Selling through galleries, Richard rarely knows who's bought his drawings. With commissions, however, matters are different. Recently, a lady asked Richard to draw a cricket scene which she could give her brother, a great enthusiast for the game. Asked who her brother was, she said nonchalantly: 'Oh, he's the Chairman of the MCC [Marylebone Cricket Club].'

'Isn't that John Major?'

'Yes, I'm his sister.'

Fortunately, Richard had been to a Test Match at the Oval with his Dad and had, as usual, taken photographs. The commission was well received.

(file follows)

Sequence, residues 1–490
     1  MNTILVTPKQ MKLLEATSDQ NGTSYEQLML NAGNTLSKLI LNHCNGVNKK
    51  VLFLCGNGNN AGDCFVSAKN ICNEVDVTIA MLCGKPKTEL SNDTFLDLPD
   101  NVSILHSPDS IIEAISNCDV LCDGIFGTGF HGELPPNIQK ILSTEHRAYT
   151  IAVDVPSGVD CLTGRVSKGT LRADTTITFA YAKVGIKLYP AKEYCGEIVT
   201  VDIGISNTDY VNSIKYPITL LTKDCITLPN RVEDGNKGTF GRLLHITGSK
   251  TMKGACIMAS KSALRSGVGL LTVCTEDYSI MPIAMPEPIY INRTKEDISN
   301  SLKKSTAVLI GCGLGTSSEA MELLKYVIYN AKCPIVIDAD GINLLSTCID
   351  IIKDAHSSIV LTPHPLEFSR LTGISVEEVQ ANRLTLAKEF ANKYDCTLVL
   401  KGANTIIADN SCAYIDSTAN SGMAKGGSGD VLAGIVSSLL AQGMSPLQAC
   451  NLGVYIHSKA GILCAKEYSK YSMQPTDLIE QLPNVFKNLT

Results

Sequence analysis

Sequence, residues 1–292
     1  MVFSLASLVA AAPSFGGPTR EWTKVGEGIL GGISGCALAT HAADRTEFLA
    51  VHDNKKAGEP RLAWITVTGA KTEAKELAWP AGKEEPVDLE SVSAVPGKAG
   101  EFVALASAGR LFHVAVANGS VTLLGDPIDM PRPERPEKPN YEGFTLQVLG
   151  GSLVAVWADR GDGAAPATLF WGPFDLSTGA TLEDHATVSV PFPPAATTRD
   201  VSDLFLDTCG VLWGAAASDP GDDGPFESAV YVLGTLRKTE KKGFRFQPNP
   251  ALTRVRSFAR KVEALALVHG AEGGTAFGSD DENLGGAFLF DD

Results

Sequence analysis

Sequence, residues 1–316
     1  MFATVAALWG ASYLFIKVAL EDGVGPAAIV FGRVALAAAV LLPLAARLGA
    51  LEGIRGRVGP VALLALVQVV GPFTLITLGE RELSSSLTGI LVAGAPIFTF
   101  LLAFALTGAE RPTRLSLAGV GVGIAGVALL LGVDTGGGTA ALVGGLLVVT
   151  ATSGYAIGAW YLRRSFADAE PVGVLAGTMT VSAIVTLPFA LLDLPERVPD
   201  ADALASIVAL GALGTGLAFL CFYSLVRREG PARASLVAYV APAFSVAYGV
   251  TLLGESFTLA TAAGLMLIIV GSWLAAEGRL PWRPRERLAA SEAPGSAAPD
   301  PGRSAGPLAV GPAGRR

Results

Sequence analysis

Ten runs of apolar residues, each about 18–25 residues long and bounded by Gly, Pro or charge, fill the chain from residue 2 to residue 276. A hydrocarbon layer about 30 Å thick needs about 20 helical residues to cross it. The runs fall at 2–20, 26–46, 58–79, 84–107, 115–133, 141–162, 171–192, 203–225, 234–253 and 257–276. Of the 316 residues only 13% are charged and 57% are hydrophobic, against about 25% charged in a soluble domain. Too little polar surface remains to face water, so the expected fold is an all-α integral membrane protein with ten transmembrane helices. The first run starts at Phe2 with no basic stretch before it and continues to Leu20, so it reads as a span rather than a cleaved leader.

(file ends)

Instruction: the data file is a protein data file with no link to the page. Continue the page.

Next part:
What of the future? "It's early days yet. I'd love to travel the world, and travel Britain, drawing and painting. I don't want to make a fortune, but I don't think making a living at my art should be impossible." BY ROBERT HESKETH


Richard's work can be seen at: Alexander Gallery (, Clifton; Sadler Street Gallery (, Wells; Millwheel Gallery (, Porlock; Fizz Gallery (, Clevedon; Atrium Gallery (, Bath; plus galleries in Exeter, Totnes and Budleigh Salterton.

Richard welcomes enquiries and commissions, including private residences, wedding venues and business premises.

For more information call 01275 818418 or visit